Review: Pantech Jest
As far as I'm concerned the Pantech Jest needed to get one feature right, and that's messaging. Unfortunately, Pantech did not succeed. The messaging experience on the Jest is barely functional, let alone satisfying. The text messaging app looks good, with threaded messaging and big, colorful balloons to help you track both sides of a conversation. When the Jest receives a message, it doesn't take you to the threaded screen by default, instead you're shown the message with too much unnecessary header information. You have to close this message and open the Messaging app to see the threaded view. Every aspect of text messaging is equally complicated. You can send a silly graphic through the threaded text message view, but not a photo. Once you figure out how to send a Picture Message, taking a new picture requires a lot of menu digging. Pictures do not show up in line with the rest of the conversation. You have to open them separately, and wait a few seconds for each image to load. Worst of all? Some of my outgoing test messages never went through.
Beyond text messaging, things only get worse. The phone supports email with Verizon's Mobile Email client and a Mobile Web Mail service. I tried to use the Mobile Email, but the phone would not accept my password. This will become a running theme on the Jest. I tried numerous times, using all sorts of hoodoo magic on the function and shift keys, but my somewhat complicated password was never accepted. It was only when I changed to a simple, short password with all lower case letters that Mobile Email finally worked. It was not worth the effort or the lapse in my personal security. The app runs quite slowly. Opening a simple text message took more than ten seconds, sometimes much longer. Text looked skeletal and thin, which made it difficult to read. Even worse, Verizon charges $5 per month for the privilege of Mobile Email, on top of whatever data fees you accrue. Mobile Web Mail relies on the simple WAP browser, but it only works with Yahoo, Verizon.net and AOL accounts, and I use none of these. If email is your preferred method of communication, best skip the Pantech Jest. Doesn't Verizon's Mobile Email Client require a $10 monthly fee? -Eric Zeman 8/23/10 5:23 PM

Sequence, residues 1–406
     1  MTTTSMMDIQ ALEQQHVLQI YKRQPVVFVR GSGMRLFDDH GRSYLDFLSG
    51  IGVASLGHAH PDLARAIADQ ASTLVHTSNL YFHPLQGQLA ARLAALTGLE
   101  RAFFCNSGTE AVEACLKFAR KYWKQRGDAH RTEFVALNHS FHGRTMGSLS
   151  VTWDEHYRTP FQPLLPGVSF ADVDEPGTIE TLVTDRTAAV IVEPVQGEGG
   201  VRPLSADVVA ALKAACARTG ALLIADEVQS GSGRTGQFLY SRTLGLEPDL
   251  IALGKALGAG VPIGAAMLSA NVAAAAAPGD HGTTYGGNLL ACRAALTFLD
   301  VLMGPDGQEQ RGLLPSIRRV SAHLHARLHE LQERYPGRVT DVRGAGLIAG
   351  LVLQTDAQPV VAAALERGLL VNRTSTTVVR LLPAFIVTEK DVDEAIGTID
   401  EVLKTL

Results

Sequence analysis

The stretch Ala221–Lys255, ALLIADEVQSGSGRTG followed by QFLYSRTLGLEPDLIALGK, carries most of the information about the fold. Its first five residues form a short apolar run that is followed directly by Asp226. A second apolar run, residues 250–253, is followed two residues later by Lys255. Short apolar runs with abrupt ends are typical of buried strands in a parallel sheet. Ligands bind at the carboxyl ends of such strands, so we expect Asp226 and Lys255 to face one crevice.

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For social networking, the Jest uses the Social Beat app from iSkoot. Social Beat seems like a very convenient option. Like the Social Net app on AT&T, Social Beat collects status updates from Facebook and Twitter, and also displays your Gmail inbox and even conversations from Google Talk. Unfortunately, I could not get any of these services to work. I use a different password for each of those services, and the Pantech Jest would not recognize any of them. Like with the Mobile Email client, I tried every permutation I could manage, and I could never successfully log on. Once again, changing to a very simple new password granted me access. I wonder if there is some issue with the function and shift keys that interferes with the password fields in these apps, because they seemed to only accept my passwords made of lower-case letters.
Once I got Social Beat working, I was again disappointed. In my Facebook feed, the app loaded a single status message from a friend who updated hours ago. Looking at my desktop, I knew there should be more, but constant digging and refreshing on the phone offered no new updates from friends. At the very least, Gmail users have a way to avoid the fees of the Mobile Email client by using Social Beat, but Gmail is the only supported email service on this app.
As a last resort, the Pantech Jest uses a somewhat clever trick for updating your status and sending photos to Facebook and MySpace. Basically, the phone has text messaging and MMS shortcuts for these sites. Both social networks accept updates and photos by text message, so on the Jest you only have to click on a link and the phone automatically fills in the recipient field for you. Then, you type a text message, with a 160 character limit, or send an MMS picture message, and they show up on your favorite social site. Though I'd prefer a more advanced version of the Social Beat app, I like having these shortcuts on the Pantech Jest since users with an unlimited messaging plan will be able to update their feeds without paying for any data service.
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